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Stapleton plans benefit for Kentucky

Thursday, October 3, 2019 – Chris Stapleton will host a stadium concert in Kentucky next year to raise money for organizations benefitting Kentucky.

"A Concert for Kentucky," which benefits Stapleton's newly created Outlaw State of Kind Hometown Fund, will be held at the University of Kentucky's Kroger Field in Lexington, Ky. on April 25, 2020.

The performance is the first concert ever held at UK's Kroger Field and will feature very special guests Willie Nelson & Family, Sheryl Crow and Yola.

All net proceeds will go toward Chris and Morgane Stapleton's Outlaw State of Kind Hometown Fund. Established in partnership with the Blue Grass Community Foundation, the fund will specifically support local and national organizations directly impacting Kentucky, with initial grant distributions focusing on music and arts education.

The concert tickets go on sale Friday, Oct. 11 at 10 a.m. local time.

More news for Chris Stapleton

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From A Room: Volume 2 CD review - From A Room: Volume 2
There is no bigger artist in country music today, perhaps even in American music, than Chris Stapleton. His appeal reaches beyond just the commercial country fans for his gritty bluesy approach. 2015's "Traveller" set a high bar, which was met by this year's release of "From A Room: Volume 1," which won Album of the Year in the 51st CMA Awards. Stapleton also garnered the Male Vocalist of the Year for his second time. Now seven months after that release, "From »»»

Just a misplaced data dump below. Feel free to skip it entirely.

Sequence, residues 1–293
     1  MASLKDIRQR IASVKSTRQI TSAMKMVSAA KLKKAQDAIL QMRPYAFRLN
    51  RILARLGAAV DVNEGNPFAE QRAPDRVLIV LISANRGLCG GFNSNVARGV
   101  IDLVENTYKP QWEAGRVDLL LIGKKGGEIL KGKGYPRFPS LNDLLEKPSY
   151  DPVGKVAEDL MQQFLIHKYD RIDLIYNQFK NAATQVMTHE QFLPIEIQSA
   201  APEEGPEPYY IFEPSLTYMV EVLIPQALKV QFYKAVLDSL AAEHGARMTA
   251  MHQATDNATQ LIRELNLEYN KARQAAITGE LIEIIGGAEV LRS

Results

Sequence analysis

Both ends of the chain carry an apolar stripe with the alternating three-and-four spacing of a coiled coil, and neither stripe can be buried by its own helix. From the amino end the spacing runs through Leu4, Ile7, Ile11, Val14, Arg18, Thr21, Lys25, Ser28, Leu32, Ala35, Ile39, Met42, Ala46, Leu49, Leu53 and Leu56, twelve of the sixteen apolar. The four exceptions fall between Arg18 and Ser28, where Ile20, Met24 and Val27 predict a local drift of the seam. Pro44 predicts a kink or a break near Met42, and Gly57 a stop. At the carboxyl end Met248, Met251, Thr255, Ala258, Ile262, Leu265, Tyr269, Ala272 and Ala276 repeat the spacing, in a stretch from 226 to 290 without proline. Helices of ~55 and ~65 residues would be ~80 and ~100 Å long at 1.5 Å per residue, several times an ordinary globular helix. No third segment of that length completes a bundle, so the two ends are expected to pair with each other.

Traveller CD review - Traveller
Chris Stapleton is one of those artists you've heard without ever realizing it. That's because of his acclaim as a songwriter with such hits as Luke Bryan's "Drink a Beer," Josh Turner's "Your Man," Darius Rucker's "Come Back Song" and Kenny Chesney's "Never Wanted Nothing More." He also had a successful stint as lead singer of the driving bluegrass band The SteelDrivers (Adele recorded one of their songs, which he co-wrote as »»»
Editorial: Walking the talk – When names like Hank Williams, Johnny Cash, Waylon and the Hag are invoked, you're talking hard core country. These are the touchstones of country , the guys who made country music what it was and still is (or maybe can be). When these folks would sing about being down-and-out and the rough-and-tumble, they knew of what they were singing about. Fast forward a few years to the country singers of today. »»»
Concert Review: The Lil Smokies provide the perfect antidote – On a night when the world to be falling further apart thanks to coronavirus (this would be the night the NBA postponed the season), there stood The Lil Smokies to at least in some small measure save the day. The quintet is part of a generation of musicians with bluegrass as the basis, but not totally the sum of the music either.... »»»
Concert Review: White makes the case for himself, no matter how dark the music – John Paul White opined with a glint in his eyes that his songs were not of the uplifting variety. In fact, they were downright dark. How else to explain "The Long Way" with the line "long way home back to you." Or "James," a song inspired by his grandfather who suffered from dementia. But lest you think that the Alabama... »»»
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